Bacterial Diversity of East Calcutta Wet Land Area: Possible Identification of Potential Bacterial Population for Different Biotechnological Uses
- 368 Downloads
The extent of microbial diversity in nature is still largely unknown, suggesting that there might be many more useful products yet to be identified from soil microorganisms. This insight provides the scientific foundation for a renewed interest in examining soil microorganisms for novel commercially important products. This has led us to access the metabolic potential of soil microorganisms via cultivation strategy. Keeping this in mind, we have performed a culture-dependent survey of important soil bacterial community diversity in East Calcutta Wetland area (Dhapa Landfill Area). We describe isolation of 38 strains, their phenotypic and biochemical characterization, and finally molecular identification by direct sequencing of polymerase chain reaction (PCR)-amplified 16S rRNA gene products. We have isolated and identified strains able to fix nitrogen, produce extracellular enzymes like protease, cellulase, xylanase, and amylase, and solubilize inorganic phosphates. Some isolates can synthesize extracellular insecticidal toxins. We find a good correlation between biochemical and phenotypic behavior and the molecular study using 16S rRNA gene of the isolates. Furthermore, our findings clearly indicate the composition of cultivable soil bacteria in East Calcutta Wetland Area.
KeywordsCellulase Pectin Feather Meal Rhodococcus Strain Insecticidal Toxin
Abhrajyoti Ghosh thanks the Guha Research Endowment Fund for financial assistance. This work was partially financed by Sun Biotechnology Ltd., Kolkata, India. The authors also acknowledged the support from Mr. Aloke Sen and Dr. Kalyan Chakraborty.
- 17.Head, IM, Saunders, JR, Pickup, RW (1998) Microbial evolution, diversity and ecology: a decade of ribosomal RNA analysis of uncultivated microorganisms. Microb Ecol 23: 45–54Google Scholar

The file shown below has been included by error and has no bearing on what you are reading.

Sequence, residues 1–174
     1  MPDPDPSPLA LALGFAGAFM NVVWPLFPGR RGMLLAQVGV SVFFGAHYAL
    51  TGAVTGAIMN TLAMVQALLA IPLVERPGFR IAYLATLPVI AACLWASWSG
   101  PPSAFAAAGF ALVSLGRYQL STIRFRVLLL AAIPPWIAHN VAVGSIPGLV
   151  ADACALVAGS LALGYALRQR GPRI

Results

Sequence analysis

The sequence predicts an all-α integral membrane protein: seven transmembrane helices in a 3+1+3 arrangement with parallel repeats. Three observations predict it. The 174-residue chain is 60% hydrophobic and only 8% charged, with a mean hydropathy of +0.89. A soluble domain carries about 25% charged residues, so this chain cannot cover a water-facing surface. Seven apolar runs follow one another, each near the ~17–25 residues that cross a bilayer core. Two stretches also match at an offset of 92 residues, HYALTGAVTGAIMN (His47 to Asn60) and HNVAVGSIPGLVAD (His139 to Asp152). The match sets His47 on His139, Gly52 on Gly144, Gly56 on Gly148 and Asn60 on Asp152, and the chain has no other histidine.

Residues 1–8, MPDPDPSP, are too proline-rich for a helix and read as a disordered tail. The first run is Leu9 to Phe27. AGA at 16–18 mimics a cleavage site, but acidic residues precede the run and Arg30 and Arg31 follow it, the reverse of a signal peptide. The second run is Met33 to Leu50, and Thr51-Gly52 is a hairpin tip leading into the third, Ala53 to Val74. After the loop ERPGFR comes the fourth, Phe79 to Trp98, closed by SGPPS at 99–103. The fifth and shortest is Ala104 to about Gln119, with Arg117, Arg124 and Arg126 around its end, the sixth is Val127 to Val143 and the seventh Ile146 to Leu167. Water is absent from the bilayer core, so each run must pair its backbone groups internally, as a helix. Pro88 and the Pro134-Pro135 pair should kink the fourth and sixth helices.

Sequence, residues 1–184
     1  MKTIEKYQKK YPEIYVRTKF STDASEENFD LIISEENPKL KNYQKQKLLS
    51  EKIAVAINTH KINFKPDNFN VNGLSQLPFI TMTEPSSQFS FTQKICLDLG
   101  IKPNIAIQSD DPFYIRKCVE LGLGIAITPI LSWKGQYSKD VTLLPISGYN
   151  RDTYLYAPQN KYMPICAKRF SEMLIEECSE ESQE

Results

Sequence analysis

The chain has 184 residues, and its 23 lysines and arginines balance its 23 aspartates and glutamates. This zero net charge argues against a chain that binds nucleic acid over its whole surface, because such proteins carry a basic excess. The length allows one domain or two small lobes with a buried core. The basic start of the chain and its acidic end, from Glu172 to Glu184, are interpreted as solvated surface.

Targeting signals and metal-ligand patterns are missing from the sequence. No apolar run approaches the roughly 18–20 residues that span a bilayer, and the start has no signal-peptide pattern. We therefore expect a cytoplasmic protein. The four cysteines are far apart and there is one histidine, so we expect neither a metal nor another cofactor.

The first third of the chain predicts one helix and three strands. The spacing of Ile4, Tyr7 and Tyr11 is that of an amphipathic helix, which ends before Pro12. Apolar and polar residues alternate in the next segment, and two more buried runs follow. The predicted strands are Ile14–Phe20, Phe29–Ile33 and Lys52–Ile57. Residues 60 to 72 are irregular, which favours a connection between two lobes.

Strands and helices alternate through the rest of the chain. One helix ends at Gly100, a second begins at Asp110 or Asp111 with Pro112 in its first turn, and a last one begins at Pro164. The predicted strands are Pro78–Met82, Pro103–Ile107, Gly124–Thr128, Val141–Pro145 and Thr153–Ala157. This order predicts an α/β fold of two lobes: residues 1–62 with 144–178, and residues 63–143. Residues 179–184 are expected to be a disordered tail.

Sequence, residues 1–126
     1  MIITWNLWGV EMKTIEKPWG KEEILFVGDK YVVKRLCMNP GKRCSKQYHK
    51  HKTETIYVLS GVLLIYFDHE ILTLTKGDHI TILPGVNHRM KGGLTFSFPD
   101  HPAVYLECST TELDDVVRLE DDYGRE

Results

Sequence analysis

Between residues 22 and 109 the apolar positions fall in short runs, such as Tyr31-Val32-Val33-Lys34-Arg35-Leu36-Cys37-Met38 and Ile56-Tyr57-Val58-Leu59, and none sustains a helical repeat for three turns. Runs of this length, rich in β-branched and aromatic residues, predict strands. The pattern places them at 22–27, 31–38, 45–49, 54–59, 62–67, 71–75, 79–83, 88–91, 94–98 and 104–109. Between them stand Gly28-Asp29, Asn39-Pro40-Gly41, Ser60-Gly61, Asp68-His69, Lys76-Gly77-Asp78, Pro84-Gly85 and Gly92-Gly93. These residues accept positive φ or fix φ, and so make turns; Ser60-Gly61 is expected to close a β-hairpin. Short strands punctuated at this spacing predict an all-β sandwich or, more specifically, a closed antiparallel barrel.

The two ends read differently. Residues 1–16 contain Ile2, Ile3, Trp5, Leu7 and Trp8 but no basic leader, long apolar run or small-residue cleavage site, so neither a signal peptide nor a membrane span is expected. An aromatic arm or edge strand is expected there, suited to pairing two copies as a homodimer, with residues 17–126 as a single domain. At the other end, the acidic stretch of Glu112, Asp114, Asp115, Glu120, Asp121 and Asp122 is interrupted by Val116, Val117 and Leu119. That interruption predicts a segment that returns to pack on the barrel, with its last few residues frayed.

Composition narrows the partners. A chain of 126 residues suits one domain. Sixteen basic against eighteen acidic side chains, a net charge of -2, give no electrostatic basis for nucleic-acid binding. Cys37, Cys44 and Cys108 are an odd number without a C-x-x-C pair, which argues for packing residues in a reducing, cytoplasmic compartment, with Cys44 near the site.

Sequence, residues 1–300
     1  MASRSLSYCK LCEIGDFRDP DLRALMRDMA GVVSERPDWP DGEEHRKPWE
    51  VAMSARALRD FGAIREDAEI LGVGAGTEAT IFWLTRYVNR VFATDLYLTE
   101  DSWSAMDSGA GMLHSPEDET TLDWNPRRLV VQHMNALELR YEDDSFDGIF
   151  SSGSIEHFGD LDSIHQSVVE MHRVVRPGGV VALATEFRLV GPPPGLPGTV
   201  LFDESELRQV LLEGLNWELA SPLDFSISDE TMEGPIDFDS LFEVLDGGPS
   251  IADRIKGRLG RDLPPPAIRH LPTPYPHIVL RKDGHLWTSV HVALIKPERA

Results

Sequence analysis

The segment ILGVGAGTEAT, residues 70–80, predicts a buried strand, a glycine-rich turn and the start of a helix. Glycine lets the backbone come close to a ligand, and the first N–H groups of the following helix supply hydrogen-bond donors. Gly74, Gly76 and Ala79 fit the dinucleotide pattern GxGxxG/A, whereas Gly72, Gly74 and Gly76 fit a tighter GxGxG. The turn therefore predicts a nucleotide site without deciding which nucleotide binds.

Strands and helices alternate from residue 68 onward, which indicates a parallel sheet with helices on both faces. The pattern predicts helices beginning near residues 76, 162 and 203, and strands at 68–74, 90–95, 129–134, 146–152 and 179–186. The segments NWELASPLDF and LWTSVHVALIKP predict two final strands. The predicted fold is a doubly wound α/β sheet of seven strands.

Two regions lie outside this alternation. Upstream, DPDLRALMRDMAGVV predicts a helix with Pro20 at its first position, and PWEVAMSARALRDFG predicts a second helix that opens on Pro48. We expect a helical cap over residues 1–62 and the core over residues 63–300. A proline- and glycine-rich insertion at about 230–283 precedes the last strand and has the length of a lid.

- 19.Holtz, JD (1993) Bergey’s Manual of Determinative Bacteriology, 9th edn. Williams and Wilkins, BaltimoreGoogle Scholar
- 20.Lane, DJ (1991) 16S/23S rRNA sequencing. In: Stackebrandt E, Goodfellow M (Eds.) Nucleic Acid Techniques in Bacterial Systematics. John Wiley & Sons, New York NY, pp 115–175Google Scholar
- 21.Leisack, W, Jessen, PH, Rainey, FA, Ward-Rainey, N, Stackebrandt, E (1997) Microbial diversity in soil: the need for a combined approach using molecular and cultivation techniques. In: vanElsas, JD, Trevors JT, Wellington, EMH (Eds.) Modern Soil Microbiology. Marcel Dekker Inc., New York NY, pp 375–439Google Scholar
- 26.Olaniya, MS, Sur, MS, Bhide, AD, Swarnakar, SN (1998) Heavy metals pollution of agricultural soil and vegetation due to application of solid waste—a case study. Indian J Environ Health 40(2): 160–168Google Scholar
- 28.Perucci, P (1990) Effect of the addition of municipal soil waste compost on microbiological biomass and enzyme activities in soil. Biol Fertil Soils 10: 221–226Google Scholar
- 30.Pikovskaya, RI (1948) Mobilisation of phosphorous in soil in connection with the vital activity of some microbial species. Microbiologia 17: 362–370Google Scholar
- 31.Sambrook, J, Russel, DW (2001) Molecular cloning: A laboratory manual. 3rd edn. CSH Laboratory Press, Cold Spring Harbor, New YorkGoogle Scholar